Narrative of a Journey to the Shores of the Polar Sea, in the Years 1819, 20, 21 and 22

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Author: Franklin, John (1786-1847)

Year: 1824

Publisher: H G Carey and I Lea, A Small, Edward Parker, M'Carty and Davis, B & T Kite, Thomas Desilver and E Littell

Place: Philadelphia


xi+482 pages with frontispiece, fold out map and appendix. Royal octavo (9 1/4" x 6") bound in half leather with gilt lettering to spine over marbled boards. First American edition.

This expedition also known as the Coppermine Expedition of 1819–1822 had as its goal the exploration of the northern coast of Canada, which was accessed by way of the Coppermine River. The British expedition was organized by the Royal Navy as part of its attempt to discover and map the Northwest Passage. It was the first of three Arctic expeditions to be led by John Franklin, and also included George Back and John Richardson, both of whom would become significant Arctic explorers in their own right. The expedition was plagued by poor planning, bad luck and unreliable allies. The expected assistance from the local fur trading companies and native peoples was less forthcoming than expected, and the dysfunctional supply line, coupled with unusually harsh weather and the resulting absence of game, meant that the explorers were never far from starvation. Eventually the Arctic coast was reached, but barely 500 miles had been explored before the exhaustion of the party's supplies and the onset of winter forced them to turn back. The expedition made a desperate retreat across uncharted territory in a state of starvation, often with nothing more than lichen to eat. Eleven of the twenty strong party died amid accusations of murder and cannibalism before the survivors were rescued by native people of the Yellowknife tribe. In the aftermath of the expedition, John Franklin was much criticized by local fur traders for his haphazard planning and failure to adapt to the circumstances he faced, but in Britain he was received as a hero, fêted for the courage he had shown in extreme adversity. The expedition captured the public imagination, and in reference to a desperate measure he took while starving, he became known as "the man who ate his boots".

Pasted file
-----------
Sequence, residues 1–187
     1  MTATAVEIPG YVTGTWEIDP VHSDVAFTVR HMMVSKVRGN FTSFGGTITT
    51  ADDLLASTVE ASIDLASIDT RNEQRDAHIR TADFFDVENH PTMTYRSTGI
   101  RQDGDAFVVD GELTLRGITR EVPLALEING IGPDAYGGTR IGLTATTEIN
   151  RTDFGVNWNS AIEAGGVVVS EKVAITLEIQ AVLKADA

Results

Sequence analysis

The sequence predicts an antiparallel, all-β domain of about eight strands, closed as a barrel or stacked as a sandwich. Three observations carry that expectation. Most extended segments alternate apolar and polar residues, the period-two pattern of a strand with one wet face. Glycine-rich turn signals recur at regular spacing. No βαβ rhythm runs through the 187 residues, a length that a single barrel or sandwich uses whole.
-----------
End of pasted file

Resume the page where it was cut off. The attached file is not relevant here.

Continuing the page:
Spine and adjacent portion of cover worn, rebacked with original spine laid on, book plate of Library Company of Philadelphia on front paste down, front free end paper detached, light offset to title page, some internal stains, light foxing through out else a good copy.

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